Pettitte's strong start to the campaign continued on Saturday as the veteran left-hander handled the Angels in a 7-1 victory at Angel Stadium, helping the Bombers post their seventh victory in nine games.
Staked to a healthy advantage early, Pettitte completed eight innings and struck out a season-high eight without permitting a walk, improving to 3-0 with a 1.29 ERA through four starts.
"They're a great team. They're difficult to pitch to," Pettitte said. "They've got speed and they get on base. I feel fortunate I was able to give us a good outing.
"I feel like we've seen them so much by the end of the year and in the playoffs, we've made a lot of starts against these guys here lately. They've got a good idea of what I want to do out there on the mound, and that means you've got to execute."
After being largely stymied in their last meeting on April 14 in New York, the Yankees handed Halos right-hander Joel Pineiro some measure of revenge, putting up six runs and 11 hits in six innings.
With designated hitter Nick Johnson ailing from a sore lower back, speedy Brett Gardner jumped into duty as the No. 2 hitter, going 3-for-5 with a triple, two runs scored and a stolen base. Robinson Cano had four hits and scored three of New York's runs.
Nick Swisher and Francisco Cervelli also drove in a pair of runs each for the Yankees, who improved to 6-0 this season when allowing three runs or fewer.
"We faced him last week and we got to face him again," Gardner said of Pineiro. "I think it helps any time you have a better idea of what he's going to do. When he was at our place, his sinker was the best I've ever seen.
"It was down in the zone, he was making perfect pitches and he was hard to hit. Today we took advantage of some balls he left up."
Swisher drove in the first run with a booming second-inning double, and Cervelli's two-run single past third baseman Brandon Wood -- coming after an intentional walk to Curtis Granderson loaded the bases -- highlighted a three-run fourth inning that also included a Derek Jeter RBI single.
"When you see pitchers throwing a game like this, you want to help them," Cervelli said. "That's what I try to do, put the ball in play. It was a big hit."
One pitch after being knocked down by an inside fastball in the fifth inning, Gardner ripped a triple into the right-field corner, and Cano made Pineiro pay with an RBI single, before a wild pitch and a passed ball set up Swisher's second RBI hit.
"I don't think he was meaning to come up and in on me like that, but I need to do that kind of thing more often," Gardner said. "If I get in advantage counts, I have to be aggressive, take good swings and hit a ball hard."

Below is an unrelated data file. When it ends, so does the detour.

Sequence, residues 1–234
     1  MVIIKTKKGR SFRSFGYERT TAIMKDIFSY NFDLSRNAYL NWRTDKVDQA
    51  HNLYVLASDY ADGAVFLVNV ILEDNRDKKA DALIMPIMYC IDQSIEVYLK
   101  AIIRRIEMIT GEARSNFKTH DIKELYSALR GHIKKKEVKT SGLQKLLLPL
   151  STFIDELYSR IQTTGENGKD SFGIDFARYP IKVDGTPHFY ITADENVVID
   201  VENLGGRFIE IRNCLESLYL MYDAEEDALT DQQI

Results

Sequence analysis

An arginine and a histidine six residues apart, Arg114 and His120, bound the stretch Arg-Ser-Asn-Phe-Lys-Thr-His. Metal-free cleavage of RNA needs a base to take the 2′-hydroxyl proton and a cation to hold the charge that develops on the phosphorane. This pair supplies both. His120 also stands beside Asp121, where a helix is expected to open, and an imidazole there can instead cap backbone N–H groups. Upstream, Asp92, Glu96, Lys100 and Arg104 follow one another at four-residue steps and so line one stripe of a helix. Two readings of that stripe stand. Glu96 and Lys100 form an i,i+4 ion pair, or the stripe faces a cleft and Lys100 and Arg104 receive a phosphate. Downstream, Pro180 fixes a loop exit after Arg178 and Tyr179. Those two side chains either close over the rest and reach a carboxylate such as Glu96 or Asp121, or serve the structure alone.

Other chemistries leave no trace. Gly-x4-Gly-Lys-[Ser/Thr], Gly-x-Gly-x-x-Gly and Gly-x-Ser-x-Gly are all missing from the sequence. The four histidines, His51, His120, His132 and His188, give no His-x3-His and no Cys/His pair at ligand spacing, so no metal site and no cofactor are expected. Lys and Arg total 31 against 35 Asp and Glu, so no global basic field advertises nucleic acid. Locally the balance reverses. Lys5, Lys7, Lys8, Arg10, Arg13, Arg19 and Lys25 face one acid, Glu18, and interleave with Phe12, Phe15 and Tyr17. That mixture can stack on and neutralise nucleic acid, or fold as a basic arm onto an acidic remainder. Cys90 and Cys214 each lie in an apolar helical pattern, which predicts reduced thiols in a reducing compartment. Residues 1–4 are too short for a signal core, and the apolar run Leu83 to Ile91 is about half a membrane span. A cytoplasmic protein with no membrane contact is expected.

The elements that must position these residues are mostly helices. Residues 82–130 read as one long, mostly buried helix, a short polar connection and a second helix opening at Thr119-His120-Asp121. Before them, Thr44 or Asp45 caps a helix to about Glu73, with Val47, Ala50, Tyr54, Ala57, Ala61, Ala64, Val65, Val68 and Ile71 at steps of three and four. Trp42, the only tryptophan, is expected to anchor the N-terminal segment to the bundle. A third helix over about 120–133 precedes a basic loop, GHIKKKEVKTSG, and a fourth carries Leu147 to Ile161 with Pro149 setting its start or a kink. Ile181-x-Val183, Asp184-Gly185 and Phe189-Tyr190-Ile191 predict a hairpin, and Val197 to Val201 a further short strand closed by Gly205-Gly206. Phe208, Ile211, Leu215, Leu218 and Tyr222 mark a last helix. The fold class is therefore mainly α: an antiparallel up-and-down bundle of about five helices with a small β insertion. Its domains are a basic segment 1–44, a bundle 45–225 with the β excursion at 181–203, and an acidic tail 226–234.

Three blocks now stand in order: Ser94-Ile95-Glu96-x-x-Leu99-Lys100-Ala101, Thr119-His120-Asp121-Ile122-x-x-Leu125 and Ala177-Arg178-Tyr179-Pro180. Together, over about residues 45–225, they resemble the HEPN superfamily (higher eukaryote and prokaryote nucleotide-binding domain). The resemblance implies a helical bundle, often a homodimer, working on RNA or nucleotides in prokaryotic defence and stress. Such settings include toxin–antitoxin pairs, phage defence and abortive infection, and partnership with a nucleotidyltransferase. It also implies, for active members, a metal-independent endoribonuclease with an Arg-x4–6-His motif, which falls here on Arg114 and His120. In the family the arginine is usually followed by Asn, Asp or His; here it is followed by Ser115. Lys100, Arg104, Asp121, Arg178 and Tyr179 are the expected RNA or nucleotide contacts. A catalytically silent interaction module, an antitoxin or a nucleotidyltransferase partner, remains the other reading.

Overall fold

Pettitte said that his pitches had wandered back toward the middle of the plate early, and considered himself lucky to escape without more damage. But he settled in -- so far, Pettitte has held opponents to a .217 average, and the 1.29 ERA is his lowest ever at this point of a season.
"I just think he's more consistent with his pitches," manager Joe Girardi said. "We've seen this before from him. Andy can be a devastating pitcher. You don't win as many games as he has not having good stuff and knowing how to pitch."
"The last two times he's faced us, that's the best we've ever seen him, probably ever," Angels manager Mike Scioscia added.
In the second inning, Pettitte got the benefit of a stunning Ramiro Pena diving catch at third base to rob Juan Rivera, with Pena playing as Alex Rodriguez logged his first day of DH duty this year.
Mike Napoli challenged Gardner in the third inning by advancing to third base with none out on a Wood single. Gardner's strong throw landed ahead of the play and helped to run the Angels out of the inning.
"I was a little surprised, I didn't think he was going to go to third," Gardner said. "It was in the gap and wasn't deep, but I didn't come in for it either. They're an aggressive ballclub and they do those kinds of things."
The Angels' lone strike against Pettitte came in the sixth inning when Erick Aybar led off with a double and scored later in the inning on Torii Hunter's sacrifice fly.
"He's a veteran guy," Hunter said of Pettitte. "He's been around a long time. He hit his spots, whether away or in. He was very comfortable out there. He looked good."
Having no walks was a step forward, Pettitte said.
"That's huge for me," Pettitte said. "Even though I've been feeling good with my command, I feel like I've been walking a few too many. For me, I usually give up hits, so three walks in a game is too many. Hopefully I can keep that down."
Mark Teixeira added a run-scoring double in the seventh inning off Scot Shields to complete scoring behind Pettitte, who spoke quickly before fastening the buttons of his shirt and heading off with his work for the afternoon complete.
More than ever, Pettitte seems content to be without the sizzle of some of baseball's bigger names. He doesn't really need the headlines, and the proof is in the 'W' column.
"I think Andy enjoys that," Girardi said. "I think that's the way he likes it, just to fly under the radar and do his job. He beats himself up a little bit and gets wins."
Bryan Hoch is a reporter for MLB.com. This story was not subject to the approval of Major League Baseball or its clubs.